👉 For instance, if the underlying currency of one of your transactions swings in the opposite direction of what you anticipated, leverage would magnify the possible losses significantly.
👉 Forex traders often use stop-loss orders to limit losses and so avert disaster. A stop-loss is a trading order placed with the broker to close a transaction at a specified price. A trader may limit their losses in this manner.
How to choose the right Forex Broker in Nigeria
👉 Nigerian traders must evaluate the following components of a forex broker to decide whether the broker is suited to their unique trading objectives and/or needs.
Regulations and Licenses
👉 This is the first key component that traders must thoroughly evaluate. Reputable brokers are regulated by market regulators such as FCA, ASIC, CySEC, FSCA, and others. Nigerians must beware when dealing with brokers that only have offshore regulations such as FSA, SVG BVI, FSC, and others.
👉 Account Features include leverage trading and margin requirement, commissions and spreads, initial deposit, additional features on retail investor accounts, and so on.
Deposits and Withdrawals
👉 Nigerians must evaluate the payment options available, the processing times on withdrawal requests, deposit currencies offered, the withdrawal fee, deposit fees, and minimum withdrawal limits among other trading and non-trading fees.
Range of Markets
👉 The range of markets offered refers to the number and range of tradable instruments that the broker offers. Nigerians must consider what they wish to trade and what is available.
👉 Customer Support is another crucial factor and Nigerians must check the availability of support (trading hours), the quality of support, and the promptness with which the customer support team responds to queries.
👉 A trading platform is the Nigerian trader’s portal to the financial markets. Traders must ensure that the trading platform has the necessary technical indicators, fundamental analysis, technical analysis, economic calendar, charting, newsfeed, and other tools they may need.
Education and Research
👉 Education and Research come in handy to both novice traders and experienced investors. Education includes some of the following:
➡️ Trading guides
➡️ Trading knowledge on leveraged products
➡️ A risk warning on complex instruments
➡️ Educational videos
👉 Research can include some of the following:
➡️ Trading tools
➡️ Status of International Markets
➡️ Price movements
➡️ Market sentiments
➡️ Whether there is a volatile market
➡️ Exchange Rates
➡️ Expert opinions and several other resources can help experienced traders make informed trading decisions.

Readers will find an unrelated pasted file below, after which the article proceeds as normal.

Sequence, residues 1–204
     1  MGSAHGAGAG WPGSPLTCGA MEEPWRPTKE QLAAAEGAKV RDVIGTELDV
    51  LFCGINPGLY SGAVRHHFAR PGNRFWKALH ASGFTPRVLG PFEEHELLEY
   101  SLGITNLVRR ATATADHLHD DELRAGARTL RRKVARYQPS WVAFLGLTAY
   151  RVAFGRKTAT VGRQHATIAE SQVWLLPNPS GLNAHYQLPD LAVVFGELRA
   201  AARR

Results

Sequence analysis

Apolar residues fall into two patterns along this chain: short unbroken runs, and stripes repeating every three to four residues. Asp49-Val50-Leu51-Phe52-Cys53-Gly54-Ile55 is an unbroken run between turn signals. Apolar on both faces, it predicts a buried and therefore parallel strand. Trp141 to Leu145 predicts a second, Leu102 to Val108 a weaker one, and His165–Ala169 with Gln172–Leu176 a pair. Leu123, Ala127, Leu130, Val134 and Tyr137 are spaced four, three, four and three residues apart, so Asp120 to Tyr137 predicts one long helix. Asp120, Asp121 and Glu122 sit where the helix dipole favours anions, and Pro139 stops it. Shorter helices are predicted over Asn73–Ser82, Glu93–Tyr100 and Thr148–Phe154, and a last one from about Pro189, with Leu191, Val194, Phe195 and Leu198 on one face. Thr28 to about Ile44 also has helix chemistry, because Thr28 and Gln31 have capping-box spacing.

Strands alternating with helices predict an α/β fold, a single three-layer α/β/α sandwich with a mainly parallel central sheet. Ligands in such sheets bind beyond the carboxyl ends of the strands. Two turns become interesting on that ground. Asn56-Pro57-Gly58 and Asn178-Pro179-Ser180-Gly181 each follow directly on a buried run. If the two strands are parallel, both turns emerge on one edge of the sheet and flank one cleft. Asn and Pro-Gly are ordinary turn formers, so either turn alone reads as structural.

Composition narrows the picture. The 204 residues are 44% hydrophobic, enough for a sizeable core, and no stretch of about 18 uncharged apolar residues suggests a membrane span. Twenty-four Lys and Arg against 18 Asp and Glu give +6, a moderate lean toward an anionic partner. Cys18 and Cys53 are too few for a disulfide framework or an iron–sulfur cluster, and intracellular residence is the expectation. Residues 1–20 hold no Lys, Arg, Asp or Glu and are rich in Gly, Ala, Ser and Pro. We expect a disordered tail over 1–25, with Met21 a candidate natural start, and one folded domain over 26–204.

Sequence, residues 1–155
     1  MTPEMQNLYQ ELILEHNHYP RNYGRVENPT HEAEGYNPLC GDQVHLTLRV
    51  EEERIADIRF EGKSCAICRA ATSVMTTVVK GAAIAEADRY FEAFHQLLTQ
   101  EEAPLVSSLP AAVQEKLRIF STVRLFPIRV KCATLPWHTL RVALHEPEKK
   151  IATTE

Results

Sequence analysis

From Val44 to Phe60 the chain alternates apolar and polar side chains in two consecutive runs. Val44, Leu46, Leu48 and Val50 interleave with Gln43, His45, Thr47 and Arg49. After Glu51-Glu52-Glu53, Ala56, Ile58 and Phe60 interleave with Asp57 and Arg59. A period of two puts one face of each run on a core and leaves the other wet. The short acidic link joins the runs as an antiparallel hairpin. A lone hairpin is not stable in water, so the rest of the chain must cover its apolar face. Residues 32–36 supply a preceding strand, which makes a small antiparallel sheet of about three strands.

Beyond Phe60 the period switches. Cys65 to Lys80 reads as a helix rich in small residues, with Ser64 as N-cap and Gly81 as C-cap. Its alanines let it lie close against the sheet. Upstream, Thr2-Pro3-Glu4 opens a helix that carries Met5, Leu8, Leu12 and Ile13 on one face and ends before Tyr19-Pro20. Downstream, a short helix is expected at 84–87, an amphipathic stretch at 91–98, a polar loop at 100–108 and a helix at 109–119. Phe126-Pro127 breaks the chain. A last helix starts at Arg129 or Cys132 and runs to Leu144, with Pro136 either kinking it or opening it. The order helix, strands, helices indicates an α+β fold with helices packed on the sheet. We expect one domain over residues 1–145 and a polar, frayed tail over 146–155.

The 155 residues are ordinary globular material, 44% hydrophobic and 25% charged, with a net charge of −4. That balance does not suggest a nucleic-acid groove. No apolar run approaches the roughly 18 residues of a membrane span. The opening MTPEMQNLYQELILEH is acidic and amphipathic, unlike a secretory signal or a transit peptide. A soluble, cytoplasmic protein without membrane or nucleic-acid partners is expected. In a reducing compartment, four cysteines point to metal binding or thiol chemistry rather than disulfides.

The Best Low Capital Forex Brokers in Nigeria
👉 In this article, we have listed the best Forex brokers that allow low capital trading for traders in Nigeria. We have further identified the forex brokers that offer additional services and solutions to Nigerian traders.
Best Low Capital MetaTrader 4 / MT4 Forex Broker in Nigeria
👉 Overall, Axi is the best low capital MetaTrader 4 forex broker in Nigeria. Axi is well-regulated and award-winning forex and CFD broker that accepts and accommodates Nigerian traders.
👉 Axi is a Metatrader 4-only broker that offers Nigerians access to a broad range of markets and comprehensive trading solutions.
Best Low Capital MetaTrader 5 / MT5 Forex Broker in Nigeria
👉 Overall, Tickmill is the best low capital MetaTrader 5 forex broker in Nigeria. Tickmill provides Nigerian traders with the best of both worlds through MetaTrader 4 and MetaTrader 5.
👉 As a MetaTrader 5 forex broker Tickmill also offers additional financial markets, low minimum deposits, and a choice between deposit and withdrawal options.
Best Low Capital Forex Broker for beginners in Nigeria
👉 Overall, RoboForex is the best low capital forex broker for beginners in Nigeria. RoboForex is geared towards beginner traders in that the broker offers a wide range of educational materials along with a ProCent Account.
Best Low Minimum Deposit Forex Broker in Nigeria
$0 / 0 NGN
SEC, FINRA, CFTC, MAS
Account Activation Time
👉 Overall, TD Ameritrade is the best low minimum deposit forex broker in Nigeria. With TD Ameritrade Nigerian traders can start trading and investing from 400 NGN.
👉 TD Ameritrade offers restricted leverage but still offers a chance for Nigerians to be profitable while protecting their capital.
Best Low Capital ECN Forex Broker in Nigeria
👉 Overall, IC Markets is the best low capital ECN Forex Broker in Nigeria. IC Markets is one of the largest ECN brokers in Nigeria and while the minimum deposit is a bit higher than other brokers it still falls within a low capital range.
👉 IC Markets is dedicated to helping its clients succeed and offers them a range of trading tools and resources.
Best Low Capital Islamic / Swap-Free Forex Broker in Nigeria
USD 100 / 41450 NGN
MetaTrader 4, MetaTrader 5, Ava Social, Ava Protect, Trading Central
Account Activation Time